Land Use and Settlement Patterns in Sri Lanka

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Apr 6, 2005, 5:23:04 AM4/6/05
Land Use and Settlement Patterns in Sri Lanka

Compiled by Rohan Wickremasinghe
Dip Mgmt., MBA (SGU), Dip B. (BPUSL), AIB (SL)


The dominant pattern of human settlement during the last 2,500 years
has consisted of village farming communities. Even in the 1980s, the
majority of people lived in small villages and worked at agricultural
pursuits. Traditional farming techniques and life-styles revolve around
two types of farming--"wet" and "dry"--depending upon the availability
of water.

The typical settlement pattern in the rice-growing areas is a compact
group of houses or neighborhood surrounding one or several religious
centers that serve as the focus for communal activities. Sometimes the
houses may be situated along a major road and include a few shops, or
the village may include several outlying hamlets. The life-sustaining
rice fields begin where the houses end and stretch into the distance.
Some irrigated fields may include other cash crops, such as sugarcane,
or groves of coconut trees. Palmyra trees grow on the borders of fields
or along roads and paths. Individual houses also may have vegetable
gardens in their compounds. During the rainy seasons and thereafter,
when the fields are covered by growing crops, the village environment
is intensely verdant.

The nature of agricultural pursuits in Sri Lanka has changed over the
centuries and has usually depended upon the availability of arable land
and water resources. In earlier times, when villagers had access to
plentiful forests that separated settlements from each other,
slash-and-burn agriculture was a standard technique. As expanding
population and commercial pressures reduced the amount of available
forestland, however, slash-and-burn cultivation steadily declined in
favor of permanent cultivation by private owners. Until the thirteenth
century, the village farming communities were mainly on the northern
plains around Anuradhapura and then Polonnaruwa, but they later shifted
to the southwest. In the 1980s, wide expanses of the northern and
eastern plains were sparsely populated, with scattered villages each
huddled around an artificial lake. The Jaffna Peninsula, although a dry
area, is densely populated and intensively cultivated. The southwest
contains most of the people, and villages are densely clustered with
little unused land. In the Central Highlands around Kandy, villagers
faced with limited flat land have developed intricately terraced
hillsides where they grow rice. In the 1970s and 1980s, the wet
cultivation area was expanding rapidly, as the government implemented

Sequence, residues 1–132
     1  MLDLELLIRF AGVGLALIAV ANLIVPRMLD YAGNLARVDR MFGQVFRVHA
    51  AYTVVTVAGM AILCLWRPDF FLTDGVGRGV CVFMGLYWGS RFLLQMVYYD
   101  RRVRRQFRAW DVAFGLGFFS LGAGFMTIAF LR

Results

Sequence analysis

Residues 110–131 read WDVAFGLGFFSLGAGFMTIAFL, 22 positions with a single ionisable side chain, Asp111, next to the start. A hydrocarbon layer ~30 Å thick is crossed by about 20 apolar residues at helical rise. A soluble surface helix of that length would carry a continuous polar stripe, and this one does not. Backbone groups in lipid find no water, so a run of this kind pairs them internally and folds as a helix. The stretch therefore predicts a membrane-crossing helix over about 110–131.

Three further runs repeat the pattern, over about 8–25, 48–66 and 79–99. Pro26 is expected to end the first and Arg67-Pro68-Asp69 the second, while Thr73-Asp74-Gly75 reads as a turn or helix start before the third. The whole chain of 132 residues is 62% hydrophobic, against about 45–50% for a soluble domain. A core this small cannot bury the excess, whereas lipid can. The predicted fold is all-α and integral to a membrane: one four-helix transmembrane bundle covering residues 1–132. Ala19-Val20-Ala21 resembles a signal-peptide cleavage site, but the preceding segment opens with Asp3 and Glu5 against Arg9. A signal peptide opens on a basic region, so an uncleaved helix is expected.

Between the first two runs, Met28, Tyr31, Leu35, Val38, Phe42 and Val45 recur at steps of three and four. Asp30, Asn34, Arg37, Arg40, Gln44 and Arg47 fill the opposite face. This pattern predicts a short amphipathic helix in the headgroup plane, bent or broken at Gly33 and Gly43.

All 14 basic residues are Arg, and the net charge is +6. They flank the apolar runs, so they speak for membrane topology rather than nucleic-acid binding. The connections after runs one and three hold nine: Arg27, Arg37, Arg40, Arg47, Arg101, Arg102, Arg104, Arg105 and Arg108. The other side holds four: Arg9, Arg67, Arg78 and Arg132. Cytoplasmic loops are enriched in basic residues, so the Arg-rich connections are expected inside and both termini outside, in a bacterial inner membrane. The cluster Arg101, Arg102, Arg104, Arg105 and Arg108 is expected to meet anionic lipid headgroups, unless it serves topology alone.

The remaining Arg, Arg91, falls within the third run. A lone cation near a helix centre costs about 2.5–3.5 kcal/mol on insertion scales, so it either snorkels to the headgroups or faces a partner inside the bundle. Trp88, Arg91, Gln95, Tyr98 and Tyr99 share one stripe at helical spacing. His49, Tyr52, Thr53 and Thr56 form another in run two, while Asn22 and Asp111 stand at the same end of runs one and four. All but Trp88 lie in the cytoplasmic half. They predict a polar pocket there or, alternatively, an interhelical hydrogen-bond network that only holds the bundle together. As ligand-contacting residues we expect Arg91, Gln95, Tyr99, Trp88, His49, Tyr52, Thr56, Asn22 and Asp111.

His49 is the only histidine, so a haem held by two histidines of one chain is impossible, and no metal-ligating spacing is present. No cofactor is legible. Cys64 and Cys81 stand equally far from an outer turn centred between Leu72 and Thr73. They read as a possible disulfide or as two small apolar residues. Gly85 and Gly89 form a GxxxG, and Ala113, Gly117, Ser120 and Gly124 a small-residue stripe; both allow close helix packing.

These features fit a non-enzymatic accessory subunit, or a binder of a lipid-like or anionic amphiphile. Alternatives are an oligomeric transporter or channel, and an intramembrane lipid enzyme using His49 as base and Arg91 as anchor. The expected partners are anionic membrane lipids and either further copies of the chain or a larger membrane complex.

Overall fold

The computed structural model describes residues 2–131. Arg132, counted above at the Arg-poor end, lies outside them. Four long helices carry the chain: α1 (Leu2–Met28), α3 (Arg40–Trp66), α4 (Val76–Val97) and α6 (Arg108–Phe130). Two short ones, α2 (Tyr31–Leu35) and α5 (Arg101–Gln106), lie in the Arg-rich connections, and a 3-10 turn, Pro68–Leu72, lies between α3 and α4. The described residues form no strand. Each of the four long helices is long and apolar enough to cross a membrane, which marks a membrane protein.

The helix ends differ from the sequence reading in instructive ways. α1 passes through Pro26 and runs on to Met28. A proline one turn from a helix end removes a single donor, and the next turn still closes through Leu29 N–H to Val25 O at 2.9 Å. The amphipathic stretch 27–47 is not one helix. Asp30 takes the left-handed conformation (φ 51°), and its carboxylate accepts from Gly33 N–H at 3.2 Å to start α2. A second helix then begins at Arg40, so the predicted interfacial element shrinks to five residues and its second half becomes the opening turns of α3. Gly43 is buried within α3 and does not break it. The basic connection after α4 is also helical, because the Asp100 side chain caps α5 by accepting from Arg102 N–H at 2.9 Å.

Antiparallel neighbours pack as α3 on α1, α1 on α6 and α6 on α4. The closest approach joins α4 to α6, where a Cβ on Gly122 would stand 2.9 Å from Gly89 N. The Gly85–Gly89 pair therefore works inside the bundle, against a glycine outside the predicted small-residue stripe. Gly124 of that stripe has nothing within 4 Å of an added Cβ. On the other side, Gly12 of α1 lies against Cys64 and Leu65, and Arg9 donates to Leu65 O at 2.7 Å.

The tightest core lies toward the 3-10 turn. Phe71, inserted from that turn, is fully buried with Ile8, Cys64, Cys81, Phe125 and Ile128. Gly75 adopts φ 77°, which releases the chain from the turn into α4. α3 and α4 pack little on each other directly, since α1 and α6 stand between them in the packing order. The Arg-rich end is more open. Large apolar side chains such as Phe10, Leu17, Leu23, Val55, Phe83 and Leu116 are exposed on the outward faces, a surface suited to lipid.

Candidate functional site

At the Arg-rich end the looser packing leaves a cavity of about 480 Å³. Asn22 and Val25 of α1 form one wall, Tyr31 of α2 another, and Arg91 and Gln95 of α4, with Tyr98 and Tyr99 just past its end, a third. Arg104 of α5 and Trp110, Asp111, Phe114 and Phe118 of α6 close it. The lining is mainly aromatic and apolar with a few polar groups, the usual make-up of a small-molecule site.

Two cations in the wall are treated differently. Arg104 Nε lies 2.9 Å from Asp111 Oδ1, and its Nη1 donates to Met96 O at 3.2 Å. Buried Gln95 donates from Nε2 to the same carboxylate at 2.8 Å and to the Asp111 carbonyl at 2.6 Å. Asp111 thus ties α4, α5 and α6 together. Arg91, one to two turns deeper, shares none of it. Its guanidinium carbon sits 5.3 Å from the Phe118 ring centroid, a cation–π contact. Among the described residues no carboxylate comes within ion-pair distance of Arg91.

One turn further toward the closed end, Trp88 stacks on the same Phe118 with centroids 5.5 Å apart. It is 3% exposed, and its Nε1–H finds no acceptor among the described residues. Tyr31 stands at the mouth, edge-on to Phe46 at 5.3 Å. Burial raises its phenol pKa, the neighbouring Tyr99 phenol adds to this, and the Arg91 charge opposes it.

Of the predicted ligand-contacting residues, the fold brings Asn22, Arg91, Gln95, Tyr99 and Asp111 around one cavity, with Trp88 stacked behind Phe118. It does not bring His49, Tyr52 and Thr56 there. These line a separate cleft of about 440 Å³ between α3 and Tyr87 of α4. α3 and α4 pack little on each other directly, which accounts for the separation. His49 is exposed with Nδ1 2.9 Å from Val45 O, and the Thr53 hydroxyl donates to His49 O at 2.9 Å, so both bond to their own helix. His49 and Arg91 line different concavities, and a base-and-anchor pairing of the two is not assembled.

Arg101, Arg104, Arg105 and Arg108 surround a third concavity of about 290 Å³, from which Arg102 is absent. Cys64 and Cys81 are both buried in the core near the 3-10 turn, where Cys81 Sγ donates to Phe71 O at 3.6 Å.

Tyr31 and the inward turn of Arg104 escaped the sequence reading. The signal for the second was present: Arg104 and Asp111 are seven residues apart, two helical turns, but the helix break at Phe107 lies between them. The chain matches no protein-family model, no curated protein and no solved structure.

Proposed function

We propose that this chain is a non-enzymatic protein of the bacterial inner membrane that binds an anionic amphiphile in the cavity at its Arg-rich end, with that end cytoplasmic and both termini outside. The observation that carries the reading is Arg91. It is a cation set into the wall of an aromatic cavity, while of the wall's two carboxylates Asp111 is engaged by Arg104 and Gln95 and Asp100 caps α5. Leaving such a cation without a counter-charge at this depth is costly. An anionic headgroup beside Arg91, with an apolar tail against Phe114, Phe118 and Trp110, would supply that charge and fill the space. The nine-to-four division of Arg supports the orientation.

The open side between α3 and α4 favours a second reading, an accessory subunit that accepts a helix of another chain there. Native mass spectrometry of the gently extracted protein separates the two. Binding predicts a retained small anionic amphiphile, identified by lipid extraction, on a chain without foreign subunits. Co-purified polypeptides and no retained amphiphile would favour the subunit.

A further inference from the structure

large-scale irrigation projects to restore the dry zone to agricultural
productivity. In the 1980s, the area drained by the Mahaweli Ganga
changed from a sparsely inhabited region to a wet rice area similar to
the southwest. Through such projects, the government of Sri Lanka has
planned to recreate in the dry zone the lush, irrigated landscape
associated with the ancient Sinhalese civilization.

Beginning in the sixteenth century and culminating during the British
rule of the nineteenth and twentieth centuries, the plantation economy
came to dominate large sections of the highlands. Plantation farming
resulted in a drastic reduction in the natural forest cover and the
substitution of domesticated crops, such as rubber, tea, or cinnamon.
It also brought about a changed life-style, as the last
hunting-and-gathering societies retreated into smaller areas and
laborers moved into the highlands to work on plantations. Through the
late twentieth century, workers on large plantations lived in villages
of small houses or in "line rooms" containing ten to twelve units. The
numerous plantations of small landholders frequently included attached
hamlets of workers in addition to the independent houses of the
plantation owners.

The coastal belt surrounding the island contains a different settlement
pattern that has evolved from older fishing villages. Separate fishing
settlements expanded laterally along the coast, linked by a coastal
highway and a railway. The mobility of the coastal population during
colonial times and after independence led to an increase in the size
and number of villages, as well as to the development of growing urban
centers with outside contacts. In the 1980s, it was possible to drive
for many kilometers along the southwest coast without finding a break
in the string of villages and bazaar centers merging into each other
and into towns.

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